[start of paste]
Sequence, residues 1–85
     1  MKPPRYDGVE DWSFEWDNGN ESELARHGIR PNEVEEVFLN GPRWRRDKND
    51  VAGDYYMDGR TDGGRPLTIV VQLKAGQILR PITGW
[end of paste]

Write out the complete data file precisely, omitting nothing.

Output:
Sequence, residues 1–85
     1  MKPPRYDGVE DWSFEWDNGN ESELARHGIR PNEVEEVFLN GPRWRRDKND
    51  VAGDYYMDGR TDGGRPLTIV VQLKAGQILR PITGW